You Can Hear That, but Not This? (How Hearing Works) [CC]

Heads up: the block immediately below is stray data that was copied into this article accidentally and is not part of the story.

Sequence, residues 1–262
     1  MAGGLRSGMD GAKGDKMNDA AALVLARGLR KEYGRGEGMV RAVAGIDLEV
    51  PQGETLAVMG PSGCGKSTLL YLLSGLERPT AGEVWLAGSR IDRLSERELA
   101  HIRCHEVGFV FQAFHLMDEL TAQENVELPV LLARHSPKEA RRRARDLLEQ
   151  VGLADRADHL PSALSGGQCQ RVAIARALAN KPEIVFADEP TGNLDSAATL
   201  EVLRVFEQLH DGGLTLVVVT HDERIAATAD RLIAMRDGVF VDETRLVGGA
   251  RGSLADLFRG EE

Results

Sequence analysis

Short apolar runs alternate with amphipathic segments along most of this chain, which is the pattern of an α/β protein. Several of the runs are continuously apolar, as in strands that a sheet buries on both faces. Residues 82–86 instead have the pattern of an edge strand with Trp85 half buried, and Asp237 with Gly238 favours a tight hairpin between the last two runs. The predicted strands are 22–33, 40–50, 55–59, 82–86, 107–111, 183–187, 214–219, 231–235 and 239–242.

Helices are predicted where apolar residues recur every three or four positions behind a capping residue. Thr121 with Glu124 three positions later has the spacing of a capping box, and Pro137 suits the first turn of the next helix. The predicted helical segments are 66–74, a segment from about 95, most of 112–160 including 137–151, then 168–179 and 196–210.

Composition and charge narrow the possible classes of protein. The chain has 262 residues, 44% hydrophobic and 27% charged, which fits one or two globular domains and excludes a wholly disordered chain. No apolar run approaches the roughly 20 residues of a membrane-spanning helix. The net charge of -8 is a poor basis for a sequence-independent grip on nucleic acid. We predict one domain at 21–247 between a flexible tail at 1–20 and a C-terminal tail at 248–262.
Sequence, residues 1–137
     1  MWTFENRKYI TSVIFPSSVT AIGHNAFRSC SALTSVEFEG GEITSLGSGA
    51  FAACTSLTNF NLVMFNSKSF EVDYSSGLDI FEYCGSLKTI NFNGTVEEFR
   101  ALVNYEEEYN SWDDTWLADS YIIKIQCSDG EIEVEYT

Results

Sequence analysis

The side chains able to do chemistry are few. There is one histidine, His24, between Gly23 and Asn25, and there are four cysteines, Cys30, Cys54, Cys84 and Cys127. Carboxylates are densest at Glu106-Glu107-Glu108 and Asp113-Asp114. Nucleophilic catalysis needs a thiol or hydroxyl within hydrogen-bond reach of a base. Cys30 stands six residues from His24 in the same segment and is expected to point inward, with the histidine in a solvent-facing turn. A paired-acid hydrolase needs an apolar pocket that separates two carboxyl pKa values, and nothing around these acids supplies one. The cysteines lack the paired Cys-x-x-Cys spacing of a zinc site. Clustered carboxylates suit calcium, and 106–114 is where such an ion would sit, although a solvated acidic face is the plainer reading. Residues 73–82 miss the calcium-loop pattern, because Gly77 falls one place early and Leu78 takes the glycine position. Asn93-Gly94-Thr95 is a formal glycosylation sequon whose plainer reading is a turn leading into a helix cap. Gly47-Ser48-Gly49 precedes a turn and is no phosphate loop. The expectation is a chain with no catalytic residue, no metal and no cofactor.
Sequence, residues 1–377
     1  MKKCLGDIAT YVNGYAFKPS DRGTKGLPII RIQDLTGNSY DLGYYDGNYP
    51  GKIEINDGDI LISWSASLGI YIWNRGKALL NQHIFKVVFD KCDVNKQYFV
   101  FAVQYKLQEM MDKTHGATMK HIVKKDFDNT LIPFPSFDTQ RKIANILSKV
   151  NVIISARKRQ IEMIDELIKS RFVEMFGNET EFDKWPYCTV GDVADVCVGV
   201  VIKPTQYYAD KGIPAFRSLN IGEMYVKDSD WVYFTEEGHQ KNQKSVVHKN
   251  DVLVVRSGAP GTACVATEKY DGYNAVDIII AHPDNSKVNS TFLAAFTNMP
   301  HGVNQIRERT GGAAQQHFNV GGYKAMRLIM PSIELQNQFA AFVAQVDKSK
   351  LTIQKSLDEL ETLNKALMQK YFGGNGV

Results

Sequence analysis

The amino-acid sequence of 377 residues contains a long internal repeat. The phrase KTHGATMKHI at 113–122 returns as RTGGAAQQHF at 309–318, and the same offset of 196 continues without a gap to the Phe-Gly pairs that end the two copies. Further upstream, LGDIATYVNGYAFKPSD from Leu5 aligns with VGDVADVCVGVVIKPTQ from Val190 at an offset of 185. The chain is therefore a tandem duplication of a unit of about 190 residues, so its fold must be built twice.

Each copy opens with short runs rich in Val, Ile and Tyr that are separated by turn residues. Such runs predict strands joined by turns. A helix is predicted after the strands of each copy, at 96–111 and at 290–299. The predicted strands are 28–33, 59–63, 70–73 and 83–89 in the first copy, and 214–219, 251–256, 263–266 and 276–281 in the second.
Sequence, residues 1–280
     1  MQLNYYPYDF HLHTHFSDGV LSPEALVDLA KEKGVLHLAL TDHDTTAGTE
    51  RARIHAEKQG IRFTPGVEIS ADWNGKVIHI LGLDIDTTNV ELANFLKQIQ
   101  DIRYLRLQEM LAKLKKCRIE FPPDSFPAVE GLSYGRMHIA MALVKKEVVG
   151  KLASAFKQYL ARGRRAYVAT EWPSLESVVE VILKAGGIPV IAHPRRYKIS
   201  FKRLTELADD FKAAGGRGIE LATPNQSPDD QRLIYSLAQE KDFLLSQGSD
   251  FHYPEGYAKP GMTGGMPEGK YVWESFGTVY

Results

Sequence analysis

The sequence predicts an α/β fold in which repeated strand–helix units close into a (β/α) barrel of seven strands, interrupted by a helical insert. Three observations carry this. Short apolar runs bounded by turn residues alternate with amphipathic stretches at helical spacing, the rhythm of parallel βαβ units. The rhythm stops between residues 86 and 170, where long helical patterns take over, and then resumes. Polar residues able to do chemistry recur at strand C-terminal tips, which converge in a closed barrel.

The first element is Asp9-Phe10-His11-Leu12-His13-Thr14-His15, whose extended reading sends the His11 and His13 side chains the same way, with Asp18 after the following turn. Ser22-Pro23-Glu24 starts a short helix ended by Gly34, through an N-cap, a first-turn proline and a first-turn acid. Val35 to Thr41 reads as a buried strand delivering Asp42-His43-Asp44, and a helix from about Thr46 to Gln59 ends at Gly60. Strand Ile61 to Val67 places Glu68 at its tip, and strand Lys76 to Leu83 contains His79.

“Wait.” “You can hear that, but not this?” “Hold up.” “How’d you hear that?” “See?” “You can hear me.” “You heard me just fine yesterday though.” “Are you sure you’re hearing impaired?” Allow me to drop some knowledge about sound and how hearing actually works So that you can better understand why I can hear this but not that First off – When an object in our atmosphere moves it causes the air particles around it to vibrate this triggers more surrounding air particles to vibrate and to create a pulsating wave otherwise known as: